Everything Must Go

Rated: R

          I don’t really remember when I first saw this movie, but I’m pretty sure I rented it from somewhere (which of course means it was a good long while ago). I had already seen Stranger than Fiction, so I knew that Will Ferrell could play more serious roles, while still being funny. He’s one of my favorite actors, but he’s (obviously) known for his more slapstick and silly roles. I’ve actually found that there are many people out there that don’t like him or his movies. I have actors I don’t like too, but in this case most of the people I know who think that just don’t have any sort of sense of humor. When watching most Will Ferrell movies the best thing is to make sure you’re in the right mood. In most cases (such as Semi-Pro, Land of the Lost, Step Brothers, etc) it’s best to be in the mood to watch something light hearted, ridiculous and just plain silly. If you’re not in that mindset it’s way too easy to become annoyed with all of the pointless nonsense that these movies contain.
        On the flip side of Ferrell’s usual characters are the ones he plays
in Stranger than Fiction, The Lego Movie (oddly enough), Winter Passing and Everything Must Go. The characters he plays in these movies are more serious, emotionally deep and far more complex. While these types of roles aren’t typical for Ferrell, I’m grateful that he did them. If anyone else played these roles I just don’t think the movies would be as good as they are. He proves with these roles that there’s far more to him than just comedy, and that although they aren’t his typical style, he can knock it out of the park no matter how serious the character he’s playing might be. 
Everything Must Go is a story of the resilience of the human spirit. Nick Halsey had it all: a top-notch sales job, a beautiful wife, a gorgeous house in the Arizona suburbs and plenty of cash. Unfortunately for Nick he loses it all in one swoop after he falls off the wagon while on a business trip. Now he has no job, no car, no home and no wife…not to mention that everything he owns has been thrown on the front lawn. Nick soon realizes that picking himself up isn’t as easy as it sounds, but hopefully, with the aid of a couple of his neighbors, he’ll make it through all of this.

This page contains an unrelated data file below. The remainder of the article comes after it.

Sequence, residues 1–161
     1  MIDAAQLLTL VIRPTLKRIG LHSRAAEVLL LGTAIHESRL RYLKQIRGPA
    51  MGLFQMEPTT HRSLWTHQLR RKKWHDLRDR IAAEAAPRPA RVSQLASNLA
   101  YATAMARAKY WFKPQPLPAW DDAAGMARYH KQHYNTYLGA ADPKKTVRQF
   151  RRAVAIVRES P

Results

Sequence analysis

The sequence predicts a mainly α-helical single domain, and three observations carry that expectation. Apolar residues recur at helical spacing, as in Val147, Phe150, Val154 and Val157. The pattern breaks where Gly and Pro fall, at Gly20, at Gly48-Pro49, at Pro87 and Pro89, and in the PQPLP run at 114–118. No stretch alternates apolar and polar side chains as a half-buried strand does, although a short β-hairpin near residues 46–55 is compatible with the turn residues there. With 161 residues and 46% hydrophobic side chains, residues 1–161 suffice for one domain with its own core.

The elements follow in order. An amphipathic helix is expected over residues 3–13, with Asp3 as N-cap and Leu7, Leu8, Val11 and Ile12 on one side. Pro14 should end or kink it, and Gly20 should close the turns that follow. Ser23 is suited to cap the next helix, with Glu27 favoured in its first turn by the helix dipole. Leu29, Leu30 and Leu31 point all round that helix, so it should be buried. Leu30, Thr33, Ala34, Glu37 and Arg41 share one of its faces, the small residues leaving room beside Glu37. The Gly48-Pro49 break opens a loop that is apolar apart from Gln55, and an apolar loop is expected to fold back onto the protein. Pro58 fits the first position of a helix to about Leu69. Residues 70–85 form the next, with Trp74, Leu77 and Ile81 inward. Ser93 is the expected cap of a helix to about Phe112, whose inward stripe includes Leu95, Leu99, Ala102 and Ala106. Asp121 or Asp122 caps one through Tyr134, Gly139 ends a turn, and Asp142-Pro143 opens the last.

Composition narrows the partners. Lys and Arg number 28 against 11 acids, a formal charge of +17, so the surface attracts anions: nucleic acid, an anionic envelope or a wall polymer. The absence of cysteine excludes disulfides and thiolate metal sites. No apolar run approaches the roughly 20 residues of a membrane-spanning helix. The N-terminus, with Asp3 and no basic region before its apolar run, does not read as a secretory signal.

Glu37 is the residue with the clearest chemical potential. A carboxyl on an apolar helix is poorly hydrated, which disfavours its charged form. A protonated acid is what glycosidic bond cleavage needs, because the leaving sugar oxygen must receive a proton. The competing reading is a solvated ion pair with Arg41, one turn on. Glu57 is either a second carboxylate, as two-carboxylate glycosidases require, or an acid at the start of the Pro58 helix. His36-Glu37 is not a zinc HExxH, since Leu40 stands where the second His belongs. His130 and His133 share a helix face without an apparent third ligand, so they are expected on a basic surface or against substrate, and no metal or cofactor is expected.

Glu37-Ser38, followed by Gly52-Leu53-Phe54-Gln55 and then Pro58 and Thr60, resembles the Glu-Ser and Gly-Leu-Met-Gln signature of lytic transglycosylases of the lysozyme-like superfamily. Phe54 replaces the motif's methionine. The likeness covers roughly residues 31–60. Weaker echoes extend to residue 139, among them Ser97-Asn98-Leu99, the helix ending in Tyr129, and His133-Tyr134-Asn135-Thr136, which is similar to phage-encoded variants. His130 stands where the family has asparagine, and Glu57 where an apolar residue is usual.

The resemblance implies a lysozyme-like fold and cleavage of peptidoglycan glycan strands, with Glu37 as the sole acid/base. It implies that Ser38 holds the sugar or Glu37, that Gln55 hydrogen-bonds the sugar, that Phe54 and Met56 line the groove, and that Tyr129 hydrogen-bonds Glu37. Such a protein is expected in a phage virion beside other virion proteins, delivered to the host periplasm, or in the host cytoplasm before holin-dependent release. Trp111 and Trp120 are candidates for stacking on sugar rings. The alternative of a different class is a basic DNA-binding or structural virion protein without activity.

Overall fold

Everything Must Go is a funny, oddly touching, inspirational and heartfelt story. Unlike most of the other characters Ferrell has played over the years, you’ll find that by the end of this movie you truly care about what has happened to Nick and honestly hope that he’ll be ok. I’m not usually one to enjoy such heartwarming movies because I find them too predictable and cliché, but when they’re done well, as in the case of Everything Must Go, it doesn’t matter to me how heartwarming they are…a good movie’s a good movie!
         And so to all you Will Ferrell haters out there, I suggest that you see either
Stranger Than Fiction or Everything Must Go. He proves in these roles that he’s not just a one hit wonder and that he has a far broader range than he’s given credit for. The same suggestion goes to all of you that like Will Ferrell for his more comedic and silly roles. If you’re one that truly despises Will Ferrell, I’m not sure either of these two movies will change your mind, but perhaps you should give it a shot anyways, because it’s always a good idea to expand your horizons.

Everything Must Go is rated R, was written and directed by Dan Rush and stars Will Ferrell and Christopher Jordan Wallace. Its available now on Blu Ray, DVD and digital download.